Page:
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Stairway to Divine Strake

By       Message Andrew Kishner       (Page 1 of 1 pages)     Permalink

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On Thursday, a U.S. government lawyer speaking on behalf of a Pentagon agency sponsoring Divine Strake told a federal judge that she could not promise 60 days' notice before the test would be carried out sometime in mid-2007. Divine Strake, a 700-ton chemical explosives test designed to simulate the blast of a low-yield nuclear weapon on an underground bunker, was originally planned for detonation at the Nevada Test Site in June 2006, however a lawsuit filed by the Western Shoshone and several downwinders forced a postponement of the test until next year. Indigenous and environmental groups fear that the test would eject into the atmosphere radioactive particles that they suspect were deposited from several 1950s above-ground nuclear tests at the Nevada Test Site. These long-lived radioisotopes, including Plutonium-239 and Americium-241, which would contaminate our air, soil, water and food supplies if they became airborne, are likely contaminants in the soils at the Divine Strake ground-zero.

Since plans for Divine Strake were first announced in March 2006, the U.S. government has made a number of confusing statements about the location, purpose, environmental impact and planned date of the test. At one point, the test could have been conducted in Indiana, New Mexico or Nevada, or elsewhere. As for test safety, the government agency overseeing the Nevada Test Site initially issued a green light for the test with their environmental assessment that they later withdrew. Not deviating from their steady course of maintaining mass-confusion, the government lawyer yesterday commented that they were revising that withdrawn environmental assessment, which they erringly referred to as a 'study.' The difference between completing an environmental study and rendering an environmental assessment of Divine Strake can mean a world of difference to downwinders' concerns of the air they breath whether it may or may not induce cancer in 30 years. A study usually refers to an Environmental Impact Statement, or EIS, which would be the best (and some would say only) way to ensure the safety of Divine Strake, which appears to be planned for the Nevada Test Site (and not New Mexico or Indiana). The EIS would involve actual sampling of the soil at the ground-zero. However, no evidence has surfaced to indicate that governmental agencies have done any sampling of the ground-zero soils, which the Divine Strake blast is expected to eject into a 10,000-foot high dust cloud that could reach the East Coast. As one colleague of mine put it: 'It sounds like they jumped in their car, drove past the ground-zero at 60 miles per hour holding a Geiger counter out of the driver's side window and concluded the test was safe.'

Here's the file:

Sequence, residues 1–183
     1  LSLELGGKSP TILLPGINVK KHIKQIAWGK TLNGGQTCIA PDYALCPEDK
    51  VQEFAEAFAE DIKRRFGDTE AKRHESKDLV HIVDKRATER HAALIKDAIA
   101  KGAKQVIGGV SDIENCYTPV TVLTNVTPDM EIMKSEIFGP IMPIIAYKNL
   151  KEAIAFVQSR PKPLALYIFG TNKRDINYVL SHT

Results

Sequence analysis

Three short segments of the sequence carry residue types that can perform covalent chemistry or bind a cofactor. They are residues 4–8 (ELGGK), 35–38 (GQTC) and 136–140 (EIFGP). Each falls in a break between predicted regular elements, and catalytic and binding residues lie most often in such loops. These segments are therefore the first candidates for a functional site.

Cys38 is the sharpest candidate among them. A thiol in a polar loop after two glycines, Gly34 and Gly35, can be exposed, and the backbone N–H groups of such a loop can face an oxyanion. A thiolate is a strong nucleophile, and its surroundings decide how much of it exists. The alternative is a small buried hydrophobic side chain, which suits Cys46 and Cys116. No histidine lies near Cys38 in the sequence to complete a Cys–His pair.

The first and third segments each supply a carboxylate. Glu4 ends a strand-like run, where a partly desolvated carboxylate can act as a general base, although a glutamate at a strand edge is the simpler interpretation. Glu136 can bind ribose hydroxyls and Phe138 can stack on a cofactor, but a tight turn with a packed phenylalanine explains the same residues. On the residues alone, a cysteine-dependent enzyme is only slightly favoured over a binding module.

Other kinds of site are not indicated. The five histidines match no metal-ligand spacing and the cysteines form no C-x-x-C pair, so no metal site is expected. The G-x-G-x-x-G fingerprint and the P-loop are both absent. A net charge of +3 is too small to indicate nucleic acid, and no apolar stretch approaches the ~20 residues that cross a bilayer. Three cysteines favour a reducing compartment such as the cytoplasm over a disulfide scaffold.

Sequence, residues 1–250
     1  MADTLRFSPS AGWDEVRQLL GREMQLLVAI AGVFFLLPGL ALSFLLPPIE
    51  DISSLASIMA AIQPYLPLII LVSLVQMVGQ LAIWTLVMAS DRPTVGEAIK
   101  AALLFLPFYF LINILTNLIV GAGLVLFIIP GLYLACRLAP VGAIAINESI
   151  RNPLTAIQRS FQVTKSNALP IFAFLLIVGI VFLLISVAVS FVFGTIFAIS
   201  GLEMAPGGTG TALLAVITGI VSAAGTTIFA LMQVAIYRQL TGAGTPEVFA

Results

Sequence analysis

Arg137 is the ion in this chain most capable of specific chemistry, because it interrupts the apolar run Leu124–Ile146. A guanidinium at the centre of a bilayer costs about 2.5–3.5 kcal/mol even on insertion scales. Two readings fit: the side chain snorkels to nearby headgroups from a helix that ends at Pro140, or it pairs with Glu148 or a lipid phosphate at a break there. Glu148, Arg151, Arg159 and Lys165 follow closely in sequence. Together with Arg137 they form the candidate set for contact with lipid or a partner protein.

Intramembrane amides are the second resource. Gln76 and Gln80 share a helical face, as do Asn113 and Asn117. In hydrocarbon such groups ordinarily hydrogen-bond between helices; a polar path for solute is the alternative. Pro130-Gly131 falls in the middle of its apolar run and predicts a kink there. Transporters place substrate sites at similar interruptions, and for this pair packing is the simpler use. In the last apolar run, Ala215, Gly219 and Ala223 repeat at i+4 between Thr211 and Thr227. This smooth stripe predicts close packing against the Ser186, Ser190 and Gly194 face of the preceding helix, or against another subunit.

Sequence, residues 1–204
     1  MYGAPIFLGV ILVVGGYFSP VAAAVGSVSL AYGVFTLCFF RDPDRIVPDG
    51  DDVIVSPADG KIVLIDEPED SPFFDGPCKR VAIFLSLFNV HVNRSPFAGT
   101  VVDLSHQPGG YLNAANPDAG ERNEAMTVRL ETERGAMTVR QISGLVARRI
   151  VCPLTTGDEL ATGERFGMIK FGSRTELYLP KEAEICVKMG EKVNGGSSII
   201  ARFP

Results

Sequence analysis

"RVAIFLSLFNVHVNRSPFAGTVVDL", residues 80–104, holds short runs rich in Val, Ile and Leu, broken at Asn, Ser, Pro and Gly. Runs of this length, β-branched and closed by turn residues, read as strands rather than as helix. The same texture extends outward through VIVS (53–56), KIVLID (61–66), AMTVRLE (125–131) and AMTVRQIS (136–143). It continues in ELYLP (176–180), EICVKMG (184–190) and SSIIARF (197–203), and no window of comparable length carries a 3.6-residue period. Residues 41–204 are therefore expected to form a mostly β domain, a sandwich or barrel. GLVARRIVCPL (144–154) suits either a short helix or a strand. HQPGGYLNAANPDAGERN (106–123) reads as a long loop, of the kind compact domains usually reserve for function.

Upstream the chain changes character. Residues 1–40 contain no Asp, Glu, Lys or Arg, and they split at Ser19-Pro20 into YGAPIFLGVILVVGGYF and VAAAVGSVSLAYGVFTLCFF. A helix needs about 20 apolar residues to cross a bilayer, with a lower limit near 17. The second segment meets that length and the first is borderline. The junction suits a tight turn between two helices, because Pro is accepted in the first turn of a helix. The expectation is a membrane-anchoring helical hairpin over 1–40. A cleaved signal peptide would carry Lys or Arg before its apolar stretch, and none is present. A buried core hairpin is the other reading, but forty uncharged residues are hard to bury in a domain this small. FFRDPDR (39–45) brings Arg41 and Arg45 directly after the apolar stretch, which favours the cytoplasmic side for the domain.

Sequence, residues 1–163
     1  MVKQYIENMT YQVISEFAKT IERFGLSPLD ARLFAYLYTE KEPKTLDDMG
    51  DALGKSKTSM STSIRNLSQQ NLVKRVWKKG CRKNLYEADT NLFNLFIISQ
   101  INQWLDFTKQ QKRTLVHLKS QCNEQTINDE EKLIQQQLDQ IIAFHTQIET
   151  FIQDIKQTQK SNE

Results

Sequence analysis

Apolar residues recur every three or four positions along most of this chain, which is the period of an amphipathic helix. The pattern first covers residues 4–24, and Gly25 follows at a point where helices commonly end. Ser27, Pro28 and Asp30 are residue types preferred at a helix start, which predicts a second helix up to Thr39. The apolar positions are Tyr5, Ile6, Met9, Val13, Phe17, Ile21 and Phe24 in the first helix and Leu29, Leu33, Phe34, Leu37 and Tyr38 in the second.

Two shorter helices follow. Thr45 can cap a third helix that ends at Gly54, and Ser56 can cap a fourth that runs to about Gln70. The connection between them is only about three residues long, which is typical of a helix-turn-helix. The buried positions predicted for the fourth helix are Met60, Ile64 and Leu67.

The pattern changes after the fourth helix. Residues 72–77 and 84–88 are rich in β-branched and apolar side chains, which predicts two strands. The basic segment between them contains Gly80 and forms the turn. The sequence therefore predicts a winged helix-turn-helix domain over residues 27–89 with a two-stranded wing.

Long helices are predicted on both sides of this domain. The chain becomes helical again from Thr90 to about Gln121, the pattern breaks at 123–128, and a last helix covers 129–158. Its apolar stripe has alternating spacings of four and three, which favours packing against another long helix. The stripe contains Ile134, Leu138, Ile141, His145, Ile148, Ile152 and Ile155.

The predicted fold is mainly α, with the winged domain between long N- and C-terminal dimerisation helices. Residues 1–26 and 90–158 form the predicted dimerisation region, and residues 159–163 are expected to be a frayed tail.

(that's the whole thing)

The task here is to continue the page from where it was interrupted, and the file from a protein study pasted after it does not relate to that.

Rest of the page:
So, in spring 2007, the government will announce a date for Divine Strake, giving less than sixty days for citizens to educate themselves and discern how the 'new' and revised environmental assessment compares to the one that was withdrawn in late May. Perhaps the journalist Robert C. Koehler will have to revise his famous quote, 'Can a finding withdrawn really have been a "finding" in the first place?' to 'Can a revision of a withdrawn finding be any less of no "finding" at all?'

Although any self-respecting scientist can see that there will never be a 'finding' until an EIS for Divine Strake is completed, there is no end in sight for the growing Escher-esque painting that the government is making of Divine Strake. A stairway to Indiana leads right back to Nevada. A passage to a 'finding' really leads to 'no finding' at all. And worst, a tunnel that appears to have a light at the end of it in reality leads to darkness.

In this day and age, we cannot any longer accept with complacency being casual patrons of the faux-arts of governmental disinformation. We must hone and develop our abilities to be able to tell the real Monet from the fake one or, in this case, a government lie from the truth that will hurt ourselves and our children.


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Andrew Kishner is author of nuclear non-fiction books dealing with the EPA's rigged monitoring of the Fukushima disaster and atomic veteran claims of human experimentation during 1950's A-bomb tests.

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